About the time we passed the Cliff House Inn, we got a guy behind us who hugged my bumper for ten miles or better, making it even more difficult to see.  For the life of me, I could not imagine what possessed this individual to try to crawl into our backseat.  After all, visibility was all but gone at this point.  The bright lights sure didn't help.

We eventually got to a point where the big lug passed us, and once again we were swept into the dark, nothing but the headlights and the occasional light in front of a home to see.

That's when we saw the owl.  I don't recall seeing too many low-flying, cruising owls, especially in foggy weather like this, but we barely missed him as he majestically swept ahead of the windshield.  Grav and I discussed whether it was a white owl or a barred owl as we continued to climb.  At Scenic Point, we barely glimpsed the sign; the old-fashioned bright yellow light was about all that was clear, and the tower was nowhere in sight.

And then the descent... the tight, curving section of Scenic Seven littered with big signs urging truckers not to go faster than 15 miles an hour and giving notice of the runaway truck ramp ahead.  We curled down with brakes on, the road slick, the pavement shimmering...

And about the time we got to the Newton County Fairgrounds, the fog was gone, a low ceiling of cloud above.  Around a curve, we started to see hundreds, thousands of dots of white and orange light from below.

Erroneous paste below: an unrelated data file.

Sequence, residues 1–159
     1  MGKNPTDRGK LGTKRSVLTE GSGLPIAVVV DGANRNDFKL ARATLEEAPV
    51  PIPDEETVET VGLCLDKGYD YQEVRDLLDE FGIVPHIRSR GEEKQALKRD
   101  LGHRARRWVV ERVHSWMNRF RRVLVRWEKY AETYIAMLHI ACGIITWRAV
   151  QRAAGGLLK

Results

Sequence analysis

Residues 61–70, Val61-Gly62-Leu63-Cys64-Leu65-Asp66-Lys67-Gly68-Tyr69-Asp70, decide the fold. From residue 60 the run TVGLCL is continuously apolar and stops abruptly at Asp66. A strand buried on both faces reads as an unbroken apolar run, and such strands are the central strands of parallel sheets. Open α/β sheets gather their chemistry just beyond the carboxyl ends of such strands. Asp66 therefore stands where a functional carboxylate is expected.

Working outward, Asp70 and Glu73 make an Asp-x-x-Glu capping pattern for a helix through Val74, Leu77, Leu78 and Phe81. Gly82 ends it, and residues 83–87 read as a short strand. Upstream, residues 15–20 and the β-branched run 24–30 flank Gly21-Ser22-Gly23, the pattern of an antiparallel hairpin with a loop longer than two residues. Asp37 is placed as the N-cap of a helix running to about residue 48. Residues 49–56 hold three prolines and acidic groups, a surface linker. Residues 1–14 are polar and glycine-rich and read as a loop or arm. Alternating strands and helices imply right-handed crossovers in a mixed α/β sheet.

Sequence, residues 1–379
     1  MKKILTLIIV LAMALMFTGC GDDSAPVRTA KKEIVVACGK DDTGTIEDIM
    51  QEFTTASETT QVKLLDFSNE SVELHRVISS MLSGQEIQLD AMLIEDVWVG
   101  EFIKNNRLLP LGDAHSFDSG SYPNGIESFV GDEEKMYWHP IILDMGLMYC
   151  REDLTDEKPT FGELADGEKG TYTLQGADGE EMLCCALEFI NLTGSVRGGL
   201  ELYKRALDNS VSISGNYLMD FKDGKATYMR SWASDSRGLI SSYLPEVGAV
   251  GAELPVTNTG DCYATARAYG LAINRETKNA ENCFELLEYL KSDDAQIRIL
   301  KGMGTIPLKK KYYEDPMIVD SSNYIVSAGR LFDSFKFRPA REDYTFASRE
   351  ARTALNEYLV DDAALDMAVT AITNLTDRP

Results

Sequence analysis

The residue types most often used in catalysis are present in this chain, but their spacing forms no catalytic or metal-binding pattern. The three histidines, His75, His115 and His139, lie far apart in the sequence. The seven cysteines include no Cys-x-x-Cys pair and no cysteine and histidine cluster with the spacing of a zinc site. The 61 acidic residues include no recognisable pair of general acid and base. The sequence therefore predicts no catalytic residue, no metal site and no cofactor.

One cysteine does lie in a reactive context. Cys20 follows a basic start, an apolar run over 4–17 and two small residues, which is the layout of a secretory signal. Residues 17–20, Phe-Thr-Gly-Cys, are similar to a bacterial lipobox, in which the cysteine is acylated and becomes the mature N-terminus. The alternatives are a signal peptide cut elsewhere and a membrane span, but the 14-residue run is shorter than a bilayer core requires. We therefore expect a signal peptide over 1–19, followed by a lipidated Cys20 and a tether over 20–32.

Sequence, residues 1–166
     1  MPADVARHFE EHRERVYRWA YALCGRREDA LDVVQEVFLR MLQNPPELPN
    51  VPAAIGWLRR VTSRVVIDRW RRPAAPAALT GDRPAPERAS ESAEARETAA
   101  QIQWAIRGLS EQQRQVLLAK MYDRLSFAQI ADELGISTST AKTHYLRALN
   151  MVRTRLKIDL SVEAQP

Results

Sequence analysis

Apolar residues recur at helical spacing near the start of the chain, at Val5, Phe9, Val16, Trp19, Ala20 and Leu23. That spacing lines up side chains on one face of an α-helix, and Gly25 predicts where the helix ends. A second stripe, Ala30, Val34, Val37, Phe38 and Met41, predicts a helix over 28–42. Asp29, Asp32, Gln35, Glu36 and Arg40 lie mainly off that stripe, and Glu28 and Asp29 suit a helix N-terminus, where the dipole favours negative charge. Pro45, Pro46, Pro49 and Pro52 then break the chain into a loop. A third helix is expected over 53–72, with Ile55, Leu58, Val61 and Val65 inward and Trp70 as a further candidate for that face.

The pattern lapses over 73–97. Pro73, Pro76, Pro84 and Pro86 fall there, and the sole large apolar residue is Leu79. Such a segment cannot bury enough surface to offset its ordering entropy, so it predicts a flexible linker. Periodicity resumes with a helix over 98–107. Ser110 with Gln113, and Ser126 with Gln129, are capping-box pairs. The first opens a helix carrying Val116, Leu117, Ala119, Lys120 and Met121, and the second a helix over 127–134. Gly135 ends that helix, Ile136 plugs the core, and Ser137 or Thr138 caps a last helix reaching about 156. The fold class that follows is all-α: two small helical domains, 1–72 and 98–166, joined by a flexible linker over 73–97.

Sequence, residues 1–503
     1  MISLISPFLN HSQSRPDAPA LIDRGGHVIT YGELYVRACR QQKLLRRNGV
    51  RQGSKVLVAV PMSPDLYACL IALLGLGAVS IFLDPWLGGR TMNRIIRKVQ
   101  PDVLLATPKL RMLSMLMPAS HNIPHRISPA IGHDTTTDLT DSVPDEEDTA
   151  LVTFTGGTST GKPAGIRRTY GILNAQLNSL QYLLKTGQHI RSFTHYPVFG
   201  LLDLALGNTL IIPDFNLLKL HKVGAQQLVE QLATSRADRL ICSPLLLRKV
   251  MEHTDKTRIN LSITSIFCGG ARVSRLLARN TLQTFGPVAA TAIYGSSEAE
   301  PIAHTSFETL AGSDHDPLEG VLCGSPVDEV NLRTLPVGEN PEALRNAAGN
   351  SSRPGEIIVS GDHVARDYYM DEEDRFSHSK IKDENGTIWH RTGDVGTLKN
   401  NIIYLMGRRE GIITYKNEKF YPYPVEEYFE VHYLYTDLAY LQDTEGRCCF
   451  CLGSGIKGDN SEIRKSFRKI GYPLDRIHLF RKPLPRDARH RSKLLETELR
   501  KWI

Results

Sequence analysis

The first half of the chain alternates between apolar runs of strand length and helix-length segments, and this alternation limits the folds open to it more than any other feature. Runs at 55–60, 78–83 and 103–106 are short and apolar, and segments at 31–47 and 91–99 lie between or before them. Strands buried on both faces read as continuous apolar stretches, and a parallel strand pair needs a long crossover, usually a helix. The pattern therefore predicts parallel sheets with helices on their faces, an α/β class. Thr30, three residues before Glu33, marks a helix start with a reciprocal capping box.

The last curve and onto the flat into Jasper, and there was a police truck with its lights on.  I figured out what was going on in seconds, but even after I mentioned it to Grav, he voiced disbelief.

"It's a parade," I told him.

"At night?  No, not at night."

"Do you know how many nighttime parades I marched in when I was in college and high school?  I'm telling you, it's a parade."

"I don't think it is."

I rolled down my car window and we heard the strains of a marching band.  "It's a parade."

The young man in the police truck had stepped out to walk the line of cars that had formed behind us.  I asked him and he confirmed.  "Yes ma'am.  It just got started."

"Could we pull in over there?" I asked, pointing to the full service Conoco station closed right by where we had stopped.

"Yeah, get yourself a good place to watch!" he agreed, and we pulled on in.  

Grav pulled out his phone and grabbed a few shots, still incredulous that there would be a parade at night.  It was six o'clock on the dot.  We knew we weren't going to make it to Low Gap Cafe.